Overflow in numeric expressions

Overflow in a numeric expression occurs when an intermediate or final result of the expression it too large to be stored by the type of data used in the expression. This is especially common with integer values.

For example, multiplying the integers 450 and 75 should result in the value 33,750, but instead results in -31,786. Because the actual result is larger than 32,767, the maximum amount that can be represented by an integer in Dexterity, overflow occurs.

One method of preventing overflow is to convert all integer values in the expression to long integers and then evaluate the expression. All integers in the expression, not just the final result, must be converted to long integers to avoid overflow. This is because the overflow can occur in intermediate steps while evaluating the expression, not only the final step. For example, the expression in the following script would still overflow:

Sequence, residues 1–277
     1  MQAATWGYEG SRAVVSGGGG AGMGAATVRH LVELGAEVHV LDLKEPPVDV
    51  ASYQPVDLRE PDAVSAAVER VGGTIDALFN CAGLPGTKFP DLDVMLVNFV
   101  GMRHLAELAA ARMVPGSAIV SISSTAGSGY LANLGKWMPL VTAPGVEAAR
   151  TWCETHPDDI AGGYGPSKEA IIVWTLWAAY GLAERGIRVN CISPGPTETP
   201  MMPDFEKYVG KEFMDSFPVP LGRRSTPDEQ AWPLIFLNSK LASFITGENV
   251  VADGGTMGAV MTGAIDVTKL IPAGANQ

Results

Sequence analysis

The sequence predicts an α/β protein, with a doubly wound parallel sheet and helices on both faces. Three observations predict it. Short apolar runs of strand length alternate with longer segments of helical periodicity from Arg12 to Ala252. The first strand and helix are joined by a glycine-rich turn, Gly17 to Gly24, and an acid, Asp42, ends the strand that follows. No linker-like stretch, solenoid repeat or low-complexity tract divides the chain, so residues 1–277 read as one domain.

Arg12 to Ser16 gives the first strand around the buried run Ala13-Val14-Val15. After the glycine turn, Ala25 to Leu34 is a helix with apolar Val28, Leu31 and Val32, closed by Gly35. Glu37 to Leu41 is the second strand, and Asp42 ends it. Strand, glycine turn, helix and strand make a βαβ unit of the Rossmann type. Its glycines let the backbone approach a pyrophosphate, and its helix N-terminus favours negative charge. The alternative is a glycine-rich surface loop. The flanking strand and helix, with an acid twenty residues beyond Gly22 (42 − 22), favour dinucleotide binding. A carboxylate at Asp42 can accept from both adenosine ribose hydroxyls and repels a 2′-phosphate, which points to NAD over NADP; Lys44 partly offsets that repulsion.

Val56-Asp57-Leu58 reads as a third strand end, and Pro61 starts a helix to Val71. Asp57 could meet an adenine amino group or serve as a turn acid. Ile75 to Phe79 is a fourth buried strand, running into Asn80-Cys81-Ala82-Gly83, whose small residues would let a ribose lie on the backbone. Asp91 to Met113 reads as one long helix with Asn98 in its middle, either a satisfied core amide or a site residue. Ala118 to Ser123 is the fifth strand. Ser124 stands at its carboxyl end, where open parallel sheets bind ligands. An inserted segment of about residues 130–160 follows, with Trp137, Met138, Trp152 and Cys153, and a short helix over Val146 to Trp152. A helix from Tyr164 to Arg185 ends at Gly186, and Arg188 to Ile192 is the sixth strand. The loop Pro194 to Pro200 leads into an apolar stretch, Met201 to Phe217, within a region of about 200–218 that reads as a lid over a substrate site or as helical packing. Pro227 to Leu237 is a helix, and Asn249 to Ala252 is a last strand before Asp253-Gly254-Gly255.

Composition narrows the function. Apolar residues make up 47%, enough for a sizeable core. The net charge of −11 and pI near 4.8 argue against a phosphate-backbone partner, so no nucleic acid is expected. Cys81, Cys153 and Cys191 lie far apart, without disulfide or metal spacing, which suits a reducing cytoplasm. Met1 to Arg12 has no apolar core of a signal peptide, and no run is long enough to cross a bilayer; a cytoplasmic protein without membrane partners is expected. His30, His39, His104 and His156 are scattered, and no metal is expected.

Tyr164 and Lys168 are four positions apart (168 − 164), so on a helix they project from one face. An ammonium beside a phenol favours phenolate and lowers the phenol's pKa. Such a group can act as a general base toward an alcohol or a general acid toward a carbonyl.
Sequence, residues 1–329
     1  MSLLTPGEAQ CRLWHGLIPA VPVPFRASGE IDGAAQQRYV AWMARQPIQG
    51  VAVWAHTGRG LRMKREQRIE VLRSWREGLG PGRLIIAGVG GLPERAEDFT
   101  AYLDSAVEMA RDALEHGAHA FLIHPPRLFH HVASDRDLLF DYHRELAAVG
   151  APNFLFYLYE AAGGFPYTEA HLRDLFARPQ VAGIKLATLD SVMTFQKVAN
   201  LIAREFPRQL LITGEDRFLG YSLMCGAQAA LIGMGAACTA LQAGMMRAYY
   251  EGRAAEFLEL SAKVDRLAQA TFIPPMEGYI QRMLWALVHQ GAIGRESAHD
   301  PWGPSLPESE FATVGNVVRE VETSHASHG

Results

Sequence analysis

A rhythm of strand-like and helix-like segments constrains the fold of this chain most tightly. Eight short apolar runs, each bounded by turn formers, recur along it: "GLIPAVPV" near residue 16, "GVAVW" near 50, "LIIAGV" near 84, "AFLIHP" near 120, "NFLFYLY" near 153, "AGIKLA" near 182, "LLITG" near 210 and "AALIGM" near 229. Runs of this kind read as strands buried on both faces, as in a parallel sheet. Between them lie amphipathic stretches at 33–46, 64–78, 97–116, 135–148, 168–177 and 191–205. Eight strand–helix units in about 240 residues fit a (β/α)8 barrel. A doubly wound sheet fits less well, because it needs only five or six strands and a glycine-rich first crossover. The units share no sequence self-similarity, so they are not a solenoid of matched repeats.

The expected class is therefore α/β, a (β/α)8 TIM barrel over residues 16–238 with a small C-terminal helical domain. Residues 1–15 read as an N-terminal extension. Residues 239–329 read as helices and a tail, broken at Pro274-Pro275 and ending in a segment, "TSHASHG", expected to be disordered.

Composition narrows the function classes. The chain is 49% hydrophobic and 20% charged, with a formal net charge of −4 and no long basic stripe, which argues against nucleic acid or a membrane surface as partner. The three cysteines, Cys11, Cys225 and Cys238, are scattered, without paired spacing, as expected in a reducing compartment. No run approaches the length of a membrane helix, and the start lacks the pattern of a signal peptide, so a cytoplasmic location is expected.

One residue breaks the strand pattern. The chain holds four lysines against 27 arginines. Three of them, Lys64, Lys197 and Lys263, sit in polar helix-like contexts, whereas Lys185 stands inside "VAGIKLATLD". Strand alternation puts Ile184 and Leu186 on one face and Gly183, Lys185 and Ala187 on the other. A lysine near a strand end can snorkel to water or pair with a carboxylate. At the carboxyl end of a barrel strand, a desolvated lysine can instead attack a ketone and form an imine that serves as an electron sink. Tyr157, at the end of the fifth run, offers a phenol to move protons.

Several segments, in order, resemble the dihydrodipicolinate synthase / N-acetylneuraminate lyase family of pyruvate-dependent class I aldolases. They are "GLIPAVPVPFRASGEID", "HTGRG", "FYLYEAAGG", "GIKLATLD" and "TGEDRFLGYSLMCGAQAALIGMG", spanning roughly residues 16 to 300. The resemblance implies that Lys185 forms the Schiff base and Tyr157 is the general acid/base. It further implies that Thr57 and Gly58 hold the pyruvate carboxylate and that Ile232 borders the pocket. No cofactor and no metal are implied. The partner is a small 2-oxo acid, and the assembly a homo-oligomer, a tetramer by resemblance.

local long product;

product = 450 * 75;

To avoid the overflow, the two integer values must also be converted to long integers as shown in the following script:

local long product, operand1, operand2;

operand1 = 450;
operand2 = 75;
product = operand1 * operand2;

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